Rivals in the Euro luxury car market overtake Ferrari in the standings as the iconic carmaker reported its works quarter since 2018. The top automobile stock in the Stoxx 600 Auto & Parts index for the past three years is now at the back of the pack. Ferrari’s value fell 5.6% since January 2021. In contrast, rivals such as Volkswagen AG, owner of Porsche, Bugatti, and Lamborghini, are enjoying strong gains.
Rivals Overtake Ferrari Due to Their Electric Vehicle Strategy
Meanwhile, Ferrari’s rivals, in particular Volkswagen, received warm support for their Electric Vehicle (EV) initiatives. Meanwhile, Ferrari’s strategy for a full-electric vehicle remains a mystery. During his last analyst call in November, former CEO Camilleri expressed doubts that Ferrari is heading towards EV. He said he didn’t see the carmaker ever being at 100% EV. On the chances it will reach at least 50%, Camilleri said that it will happen, but “certainly, not in my lifetime will it reach even 50%.” In contrast, Elkann declared last February that he foresees Ferrari launching a fully electric car by 2030.
However, other analysts don’t see a problem with Ferrari not following the EV pathway. According to UBS Group AG analyst Susy Tibaldi, concern over the company’s approach toward electric vehicles doesn’t seem justifiable. “We don’t think the company is under the same pressure and urgency as its non-luxury peers, due to the fact that a Ferrari per se is not a means of transportation but rather a status symbol, and is rarely the first car in a household,” Tibaldi said. In her last note issued March 30, Tibaldi issued a ‘Buy’ rating for the carmaker.
Ferrari’s decline actually stems from a number of factors. First is its unexciting forecast. In announcing its February results, the company gave a conservative earnings outlook for this year. The pandemic’s disruption is still widely felt in its factors. “The stock has become too expensive and earnings momentum is fading,” noted Arndt Ellinghorst, Sanford C. Bernstein analyst. Ellinghorst also noted uncertainty over the CEO situation and a lack of clear direction on its EV strategy.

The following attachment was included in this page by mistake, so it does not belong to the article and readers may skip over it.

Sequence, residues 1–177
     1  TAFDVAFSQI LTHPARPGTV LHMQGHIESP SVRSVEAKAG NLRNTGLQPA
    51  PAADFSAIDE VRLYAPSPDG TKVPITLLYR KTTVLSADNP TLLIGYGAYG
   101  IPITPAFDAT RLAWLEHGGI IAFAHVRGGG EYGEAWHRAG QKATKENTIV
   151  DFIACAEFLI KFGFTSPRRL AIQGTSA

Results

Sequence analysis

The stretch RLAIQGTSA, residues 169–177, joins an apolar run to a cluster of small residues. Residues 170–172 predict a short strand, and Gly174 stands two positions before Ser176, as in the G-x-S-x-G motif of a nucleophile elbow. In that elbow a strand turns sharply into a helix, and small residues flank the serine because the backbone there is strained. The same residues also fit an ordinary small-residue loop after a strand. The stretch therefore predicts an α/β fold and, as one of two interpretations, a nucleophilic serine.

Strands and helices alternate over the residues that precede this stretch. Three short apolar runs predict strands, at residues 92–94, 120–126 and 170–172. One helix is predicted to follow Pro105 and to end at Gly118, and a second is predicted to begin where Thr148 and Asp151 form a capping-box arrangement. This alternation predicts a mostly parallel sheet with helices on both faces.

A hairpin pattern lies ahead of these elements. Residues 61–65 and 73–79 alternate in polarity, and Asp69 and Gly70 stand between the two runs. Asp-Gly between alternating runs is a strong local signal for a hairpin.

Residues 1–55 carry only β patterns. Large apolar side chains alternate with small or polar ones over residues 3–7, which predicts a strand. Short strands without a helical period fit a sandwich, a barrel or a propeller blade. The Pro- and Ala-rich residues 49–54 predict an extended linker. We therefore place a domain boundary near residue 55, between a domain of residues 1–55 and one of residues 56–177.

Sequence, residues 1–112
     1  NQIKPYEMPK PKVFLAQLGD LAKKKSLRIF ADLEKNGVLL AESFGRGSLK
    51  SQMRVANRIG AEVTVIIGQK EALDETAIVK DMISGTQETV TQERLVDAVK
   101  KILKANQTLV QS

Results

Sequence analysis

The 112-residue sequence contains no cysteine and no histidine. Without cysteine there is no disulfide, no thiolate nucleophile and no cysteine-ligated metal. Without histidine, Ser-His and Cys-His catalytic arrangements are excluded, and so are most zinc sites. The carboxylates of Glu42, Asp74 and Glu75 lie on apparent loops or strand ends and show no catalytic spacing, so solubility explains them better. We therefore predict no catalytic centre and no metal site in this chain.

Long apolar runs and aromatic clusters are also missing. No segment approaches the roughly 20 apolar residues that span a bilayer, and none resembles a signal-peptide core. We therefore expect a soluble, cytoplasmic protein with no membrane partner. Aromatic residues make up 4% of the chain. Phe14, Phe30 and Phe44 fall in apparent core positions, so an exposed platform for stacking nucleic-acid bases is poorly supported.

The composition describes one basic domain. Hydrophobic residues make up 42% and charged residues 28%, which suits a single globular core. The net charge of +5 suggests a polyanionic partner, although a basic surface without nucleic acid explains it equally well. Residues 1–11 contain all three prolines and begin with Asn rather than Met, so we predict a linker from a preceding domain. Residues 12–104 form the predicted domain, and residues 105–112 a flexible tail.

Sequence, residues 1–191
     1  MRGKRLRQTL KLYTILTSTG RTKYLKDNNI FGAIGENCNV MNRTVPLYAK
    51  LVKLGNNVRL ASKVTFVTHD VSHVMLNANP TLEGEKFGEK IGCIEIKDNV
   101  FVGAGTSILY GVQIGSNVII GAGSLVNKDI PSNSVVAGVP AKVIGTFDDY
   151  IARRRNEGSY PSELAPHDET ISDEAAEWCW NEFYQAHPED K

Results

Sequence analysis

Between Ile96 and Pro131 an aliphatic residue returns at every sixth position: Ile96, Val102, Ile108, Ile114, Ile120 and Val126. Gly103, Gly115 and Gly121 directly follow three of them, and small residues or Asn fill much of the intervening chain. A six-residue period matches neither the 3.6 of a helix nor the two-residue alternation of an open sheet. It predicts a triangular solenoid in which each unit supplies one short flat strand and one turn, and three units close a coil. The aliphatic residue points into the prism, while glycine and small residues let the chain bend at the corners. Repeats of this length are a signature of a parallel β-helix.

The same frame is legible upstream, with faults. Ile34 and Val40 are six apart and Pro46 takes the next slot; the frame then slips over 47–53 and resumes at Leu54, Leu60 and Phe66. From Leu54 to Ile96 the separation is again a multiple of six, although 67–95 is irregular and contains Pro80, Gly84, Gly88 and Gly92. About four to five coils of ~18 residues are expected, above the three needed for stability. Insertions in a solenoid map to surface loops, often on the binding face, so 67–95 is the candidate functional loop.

Editor's Inflation Warning: "Investors are woefully unprepared for what may be a once-in-a-generation shift in the market"
In addition, the carmaker remains searching for its new CEO. Former chief Louis Camilleri suddenly announced his retirement last December, the second time Ferrari CEO quit in as many years. This left the prancing horse automaker dealing with a leadership crisis. However, the carmaker remains hopeful in its search efforts. Ferrari is “making good progress with the search process to identify the right leader,” said Chairman John Elkann last April 1. There’s hope that the incoming new CEO will balance the need to stay on pace with tightening emissions regulations while providing the cars with traditional thermal engines that power-hungry customers love.
It also didn’t help that Ferrari gained a reputation as a wholly luxury play instead of a growth stock. The stock’s lofty valuation multiple relative to other carmakers doesn’t provide enough wiggle room for growth. According to RBC Capital analyst Tom Narayan, Ferrari is less of an auto stock and “more of a luxury play.” In fact, Ferrari stock rose 28% in 2020. This improvement runs similar to the performance of Birkin bag maker Hermes International and luxury leader LVMH. Meanwhile, most auto stocks declined due to the restrictions set by the pandemic.
According to Antonio Amendola, a portfolio manager at AcomeA SGR, Ferrari remains Ferrari, a solid investment that’s not for everybody. “The outperformance last year was due to the fact that the stock is perceived as more defensive and so something to own when everything else falls. In the end, those who can afford a Ferrari can afford it in any conditions,” he said.
New Dynamics Allowed Rivals to Overtake Ferrari
With the improvement of the global coronavirus condition due to vaccine availability and a wider understanding of the virus, the stock market dynamics change yet again. More investors are shifting more toward cyclical stocks and away from defensives. “With the market rotation, it’s normal to see some profit-taking. Ferrari’s fundamentals are solid and this can be an opportunity to accumulate if the underperformance persists,” said Amendola.
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Do you agree that car companies should all migrate toward 100% electric vehicles? Or, do you still see a market for regular combustion-engined cars? Personally, which would you prefer driving? Let us know what you think. Leave your comments in the comment section below.
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